Higher Education Africa Centers of Excellence meet to plan innovative ways to deliver quality post graduate education
Addis Ababa (April 27, 2017) - The Eastern and Southern Africa Higher Education Centers of Excellence Project (ACE II) has held its biannual Technical and Advisory Meeting in Addis Ababa, Ethiopia. The meeting brought together leaders of the 24 Africa Centers of Excellence (ACEs) from the eight countries hosting the project to network, seek solutions to emerging challenges and plan innovative strategies to achieve project objectives. The overall objective of the project is to strengthen selected Eastern and Southern African higher education institutions to deliver quality post-graduate education and build collaborative research capacity in the regional priority areas, which include industry, agriculture, health, education and applied statistics.
Dr. Zerihun Kebede, who represented the Minister of State for Education, Republic of Ethiopia, Dr. Samuel Kifle Kidane, stressed the need for a more practical teaching and learning approach. “University-industry cooperation is one of the most important mechanisms for practical application of science and technology as well as the development of industry,” said Dr. Kebede. “Theory dominated teaching, learning traditional approach cannot bring the substantial socio-economic change,” he said, adding, “Science and Engineering education should be supported with practical activity to produce knowledgeable, well skilled and resourceful as well as self-reliant graduates so that they contribute in the national growth and development endeavor.”
Despite the high demand for graduates in emerging sectors with high growth potential such as oil and gas, energy, extractives, and railways industries across Eastern and Southern Africa, the region faces a shortage of skilled professionals with specialized knowledge such as engineers, geoscientists and mechanical technicians.
ACE II is helping to address this deficiency through the creation of Centers of Excellence that address critical human resource gaps and innovations in priority sectors and each center will have the potential to become the regionally leading scientific and academic institution in its particular field, serving the region collectively to tackle the development challenges.
“As centers of excellence for the region, the 24 ACEs are going to provide exemplary models to promote best training practices in the industry, strengthen national quality standards, serve as knowledge centers and be hubs that link diverse stakeholders with productive sectors,” said Mr. Abebaw Alemayehu, Acting Director of World Bank for Ethiopia, Sudan and South Sudan, who represented Carolyn Turk, the Country Director. “We look forward to innovations and research coming out of these centers to strengthen the region’s expertise in health, agriculture, material sciences, extractives, data sciences, railways, renewable energy and environment management, food security, education and ICT applications,” he said.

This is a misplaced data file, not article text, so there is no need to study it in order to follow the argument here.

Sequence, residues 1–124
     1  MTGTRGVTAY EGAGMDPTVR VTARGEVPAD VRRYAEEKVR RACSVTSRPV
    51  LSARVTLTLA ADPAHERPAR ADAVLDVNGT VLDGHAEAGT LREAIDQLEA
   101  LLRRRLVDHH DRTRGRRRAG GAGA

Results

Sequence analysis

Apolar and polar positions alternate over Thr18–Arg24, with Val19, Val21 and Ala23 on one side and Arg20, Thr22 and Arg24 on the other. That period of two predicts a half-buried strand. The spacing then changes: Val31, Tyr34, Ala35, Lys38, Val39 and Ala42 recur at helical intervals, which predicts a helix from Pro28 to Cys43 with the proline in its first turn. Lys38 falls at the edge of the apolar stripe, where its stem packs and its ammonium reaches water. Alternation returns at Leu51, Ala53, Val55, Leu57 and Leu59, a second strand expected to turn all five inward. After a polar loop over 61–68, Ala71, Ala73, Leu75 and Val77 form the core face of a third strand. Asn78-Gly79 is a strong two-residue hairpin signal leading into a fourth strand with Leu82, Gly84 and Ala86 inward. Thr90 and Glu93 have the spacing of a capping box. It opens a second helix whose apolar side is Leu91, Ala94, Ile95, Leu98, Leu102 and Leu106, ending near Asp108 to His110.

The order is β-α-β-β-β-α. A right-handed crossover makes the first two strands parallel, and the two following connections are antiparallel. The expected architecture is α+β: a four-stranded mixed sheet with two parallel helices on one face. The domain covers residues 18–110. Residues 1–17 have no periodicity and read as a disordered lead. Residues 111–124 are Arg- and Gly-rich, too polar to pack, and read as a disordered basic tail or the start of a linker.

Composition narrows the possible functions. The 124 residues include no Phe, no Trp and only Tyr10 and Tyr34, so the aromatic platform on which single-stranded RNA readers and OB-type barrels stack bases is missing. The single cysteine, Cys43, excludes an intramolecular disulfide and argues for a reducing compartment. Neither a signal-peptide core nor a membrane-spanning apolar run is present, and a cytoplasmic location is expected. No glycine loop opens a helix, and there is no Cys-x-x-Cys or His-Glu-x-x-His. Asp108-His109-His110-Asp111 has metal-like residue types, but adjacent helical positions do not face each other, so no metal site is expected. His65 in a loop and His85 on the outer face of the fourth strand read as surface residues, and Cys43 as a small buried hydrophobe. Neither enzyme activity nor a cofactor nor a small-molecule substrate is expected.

In total, ACE II has 24 competitively selected centers to deliver quality, market-relevant post-graduate education, and build collaborative research capacity in ﬁve regional priority areas: industry, agriculture, health, education and applied statistics.
In the area of industry, there are nine selected ACEs in the areas of energy, extractives, ICT, manufacturing, railways, and water, based in Ethiopia, Kenya, Mozambique, Rwanda, Tanzania, Uganda, and Zambia.
The center in energy will try to alleviate constraints which have resulted from low energy access and adoption of technologies in rural areas and poor inter-state energy trading in the region. The centers in mining and oil and gas will take the lead on sustainable development of the extractive industry. The center in ICT will educate Africans who will develop and deploy innovative ICT services. The two centers in the water sector will address water and sanitation challenges in the region to ensure safe water and sanitation requirements for water provision, apply technology to use ground water for agricultural applications, and improve municipal and industrial water management. The center in railways will produce trained graduates who can fill the manpower needs of the burgeoning railway sector. The centers in manufacturing will utilize nanotechnology to fill the gap in promoting value addition of primary produce.
“Each of these is so important and will help young people gain the knowledge and skills to take advantage of economic opportunities instead of being left out or left behind,” said Mr. Alemayehu.
The Executive Secretary of Inter University Council for East Africa (IUCEA), Prof. Alexandre Lyambabaje, reiterated the conditions to achieve excellence and stressed the need for sustainability of the Centers beyond the life of the project through “income generation, strong long-term partnerships and pooling of financial and human resources at the regional level while avoiding duplication.” He also called on the need to simplify visa procedures “to facilitate movement of staff and students from the participating countries.”
The five year project is financed by the World Bank to a tune of $140m in form of a loan to eight countries: Ethiopia, Kenya, Malawi, Mozambique, Rwanda, Tanzania, Uganda, and Zambia. Burundi will access services offered by ACEs in those countries. IUCEA, an institution of the East African Community, is the Regional Facilitation Unit for the project and will receive a grant totaling $8m over five years to facilitate and coordinate the project.
For more information contact:
Agnes Asiimwe Okoth
Information and Communication Officer